Regarding the mod, I think that's now a little too light for what I was aiming for, for me it seems to have lost a bit of the moodiness, though you do definitely have more details on the rocks.

Generally I haven't been disabling the IBIS for long exposures as I've never really noticed any lack of sharpness, though I may try some test shots to verify that. I find this lens to be sharpest wide open but I wanted the addition DOF and slower shutter on this.

Tim

dark_lord Plus
15 2.4k 600 England
3 Mar 2016 9:59PM
I like the ethereal nature of shots like this. I also like to see some detail in the water.
It's a balancing act and depending on the movement of the water it's hard to say what shutter speed will work best for any particular effect.

Nevertheless, that extra detail that's been brought out in the mods does help to ground the image, something solid for the eye to lock on, rather than having everything soft. Mind you, you can try to keep the moodiness by applying selective sharpening to the rocks without the lightening.
dudler Plus
16 987 1538 England
4 Mar 2016 9:55PM
I like the mono processing, and the contrast.

I think that you've added a vignette, haven't you? I feel that is a bit heavy (or is it lens fall-off, perhaps?) Either way, it might explain Tanya's comment on the darkness near the edges.

It's often a delicate balance between a vignette that holds in the picture, and one that takes things OTT. A darkroom alternative was to give an extra 10% exposure along each edge, which gives a slightly different look, with smaller corner areas affected. (Easy to do digitally with the burn tool, of course, running it along all the edges.)
blohum 3
5 Mar 2016 10:27AM

Quote:I like the ethereal nature of shots like this. I also like to see some detail in the water.
It's a balancing act and depending on the movement of the water it's hard to say what shutter speed will work best for any particular effect.

Nevertheless, that extra detail that's been brought out in the mods does help to ground the image, something solid for the eye to lock on, rather than having everything soft. Mind you, you can try to keep the moodiness by applying selective sharpening to the rocks without the lightening.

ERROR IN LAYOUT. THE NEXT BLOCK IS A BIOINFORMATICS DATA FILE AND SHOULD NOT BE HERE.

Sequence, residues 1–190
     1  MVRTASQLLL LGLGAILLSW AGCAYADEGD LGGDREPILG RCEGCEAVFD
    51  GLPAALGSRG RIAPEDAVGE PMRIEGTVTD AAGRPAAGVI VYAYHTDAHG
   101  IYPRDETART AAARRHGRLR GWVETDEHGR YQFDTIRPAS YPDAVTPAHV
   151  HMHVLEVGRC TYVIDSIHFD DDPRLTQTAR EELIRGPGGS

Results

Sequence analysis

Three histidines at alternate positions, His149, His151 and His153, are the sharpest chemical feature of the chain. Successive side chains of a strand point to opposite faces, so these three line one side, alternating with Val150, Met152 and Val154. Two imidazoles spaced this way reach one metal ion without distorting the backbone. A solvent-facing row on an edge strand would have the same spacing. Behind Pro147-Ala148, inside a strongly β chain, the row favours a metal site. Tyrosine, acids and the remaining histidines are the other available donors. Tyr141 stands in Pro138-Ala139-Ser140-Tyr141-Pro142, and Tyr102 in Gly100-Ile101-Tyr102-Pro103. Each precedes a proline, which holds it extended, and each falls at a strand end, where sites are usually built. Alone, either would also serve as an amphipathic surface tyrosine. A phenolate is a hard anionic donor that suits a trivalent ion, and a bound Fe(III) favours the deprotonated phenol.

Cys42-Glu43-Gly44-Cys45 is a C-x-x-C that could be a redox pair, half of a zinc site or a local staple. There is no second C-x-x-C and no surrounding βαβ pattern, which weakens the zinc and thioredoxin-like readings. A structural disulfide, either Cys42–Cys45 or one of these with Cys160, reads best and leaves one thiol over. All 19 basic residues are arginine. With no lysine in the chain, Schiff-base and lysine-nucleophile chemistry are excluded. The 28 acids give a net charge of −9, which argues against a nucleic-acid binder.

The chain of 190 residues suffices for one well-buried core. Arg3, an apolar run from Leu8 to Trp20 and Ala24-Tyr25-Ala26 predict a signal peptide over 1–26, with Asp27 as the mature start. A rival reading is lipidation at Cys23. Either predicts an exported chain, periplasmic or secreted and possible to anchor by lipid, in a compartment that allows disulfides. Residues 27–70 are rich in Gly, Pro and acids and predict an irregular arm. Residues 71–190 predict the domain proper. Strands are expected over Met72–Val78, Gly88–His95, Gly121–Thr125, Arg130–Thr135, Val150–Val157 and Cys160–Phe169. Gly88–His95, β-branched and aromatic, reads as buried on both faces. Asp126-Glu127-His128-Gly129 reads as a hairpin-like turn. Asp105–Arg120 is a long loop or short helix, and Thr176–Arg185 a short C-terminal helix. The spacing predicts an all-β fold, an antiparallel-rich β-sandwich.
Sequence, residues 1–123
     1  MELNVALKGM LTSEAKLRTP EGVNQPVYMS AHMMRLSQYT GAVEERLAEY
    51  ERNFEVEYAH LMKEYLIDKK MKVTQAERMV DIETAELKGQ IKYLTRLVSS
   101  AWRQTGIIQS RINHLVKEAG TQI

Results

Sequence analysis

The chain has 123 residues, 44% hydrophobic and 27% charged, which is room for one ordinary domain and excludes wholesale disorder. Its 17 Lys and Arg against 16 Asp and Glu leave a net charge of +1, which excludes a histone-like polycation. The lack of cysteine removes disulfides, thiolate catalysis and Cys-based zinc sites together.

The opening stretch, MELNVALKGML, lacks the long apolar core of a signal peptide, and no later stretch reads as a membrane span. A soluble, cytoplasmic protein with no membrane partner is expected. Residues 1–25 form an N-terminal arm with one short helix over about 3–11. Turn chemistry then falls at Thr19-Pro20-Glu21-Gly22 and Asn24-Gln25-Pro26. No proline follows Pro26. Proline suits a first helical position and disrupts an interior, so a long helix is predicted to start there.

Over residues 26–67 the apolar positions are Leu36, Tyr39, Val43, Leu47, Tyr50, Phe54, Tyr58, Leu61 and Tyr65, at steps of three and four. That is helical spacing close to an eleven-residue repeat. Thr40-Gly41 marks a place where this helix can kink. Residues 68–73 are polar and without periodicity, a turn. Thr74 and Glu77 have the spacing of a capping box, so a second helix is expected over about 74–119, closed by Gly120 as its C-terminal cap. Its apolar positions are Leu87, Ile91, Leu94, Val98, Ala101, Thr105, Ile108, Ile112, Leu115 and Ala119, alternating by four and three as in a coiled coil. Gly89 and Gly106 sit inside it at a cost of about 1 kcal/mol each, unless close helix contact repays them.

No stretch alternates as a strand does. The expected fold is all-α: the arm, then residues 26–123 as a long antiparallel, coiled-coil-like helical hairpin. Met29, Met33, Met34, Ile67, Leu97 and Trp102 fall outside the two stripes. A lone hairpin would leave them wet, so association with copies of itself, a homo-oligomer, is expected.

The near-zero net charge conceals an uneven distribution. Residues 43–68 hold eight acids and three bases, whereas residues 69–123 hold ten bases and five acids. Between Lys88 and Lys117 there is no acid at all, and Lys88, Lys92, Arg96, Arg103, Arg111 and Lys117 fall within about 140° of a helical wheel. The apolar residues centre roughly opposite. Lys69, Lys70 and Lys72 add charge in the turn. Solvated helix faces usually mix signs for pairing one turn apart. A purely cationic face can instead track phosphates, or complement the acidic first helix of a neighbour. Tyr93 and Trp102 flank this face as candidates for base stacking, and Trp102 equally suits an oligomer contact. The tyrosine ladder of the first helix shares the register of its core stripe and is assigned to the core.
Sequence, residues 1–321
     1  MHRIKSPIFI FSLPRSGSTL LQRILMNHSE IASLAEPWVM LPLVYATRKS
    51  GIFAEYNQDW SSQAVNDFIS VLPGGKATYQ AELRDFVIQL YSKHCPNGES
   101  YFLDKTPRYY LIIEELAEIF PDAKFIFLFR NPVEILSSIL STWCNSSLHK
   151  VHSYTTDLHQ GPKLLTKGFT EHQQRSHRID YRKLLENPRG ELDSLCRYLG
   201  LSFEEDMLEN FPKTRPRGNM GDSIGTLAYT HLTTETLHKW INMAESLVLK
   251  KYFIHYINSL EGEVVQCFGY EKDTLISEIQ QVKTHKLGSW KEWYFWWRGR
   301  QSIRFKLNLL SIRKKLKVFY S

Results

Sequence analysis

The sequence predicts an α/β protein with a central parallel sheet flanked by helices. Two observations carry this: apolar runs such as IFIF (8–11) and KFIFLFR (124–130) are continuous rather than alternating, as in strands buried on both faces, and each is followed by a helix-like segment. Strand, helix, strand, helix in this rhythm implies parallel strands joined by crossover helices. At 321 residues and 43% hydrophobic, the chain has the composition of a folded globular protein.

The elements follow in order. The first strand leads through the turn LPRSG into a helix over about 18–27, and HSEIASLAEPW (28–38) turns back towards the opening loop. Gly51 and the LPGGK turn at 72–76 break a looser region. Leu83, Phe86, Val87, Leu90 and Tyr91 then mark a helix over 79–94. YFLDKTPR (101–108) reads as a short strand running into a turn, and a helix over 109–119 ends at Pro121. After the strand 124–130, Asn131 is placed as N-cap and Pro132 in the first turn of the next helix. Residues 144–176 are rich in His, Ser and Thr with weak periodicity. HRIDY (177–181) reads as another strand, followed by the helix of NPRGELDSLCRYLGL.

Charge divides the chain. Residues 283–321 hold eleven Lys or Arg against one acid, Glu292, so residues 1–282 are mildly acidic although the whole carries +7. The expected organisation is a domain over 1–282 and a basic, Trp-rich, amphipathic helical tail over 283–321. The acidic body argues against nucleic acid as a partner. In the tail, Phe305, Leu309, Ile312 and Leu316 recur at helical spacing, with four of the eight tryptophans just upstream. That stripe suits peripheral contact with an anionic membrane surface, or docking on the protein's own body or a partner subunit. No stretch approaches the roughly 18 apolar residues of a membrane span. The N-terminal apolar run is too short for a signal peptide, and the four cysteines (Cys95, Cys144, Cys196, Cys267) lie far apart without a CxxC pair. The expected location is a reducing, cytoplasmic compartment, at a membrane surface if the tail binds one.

I know what you mean about having some detail in the water, I generally don't go for exposures this long but I felt the rocks offered enough purchase to hold the image together.

Out of interest, when you're mentioning about everything being soft, are you looking at the image as it appears on the page, or are you clicking on it to show it full screen?


Quote:I like the mono processing, and the contrast.

I think that you've added a vignette, haven't you? I feel that is a bit heavy (or is it lens fall-off, perhaps?) Either way, it might explain Tanya's comment on the darkness near the edges.

It's often a delicate balance between a vignette that holds in the picture, and one that takes things OTT. A darkroom alternative was to give an extra 10% exposure along each edge, which gives a slightly different look, with smaller corner areas affected. (Easy to do digitally with the burn tool, of course, running it along all the edges.)



Correct, I have added a vignette... I am rather partial to them and possibly a little heavy-handed at times. I've recently started using the radial filter in Lightroom as you can control the position more easily that with the post-crop vignette tool.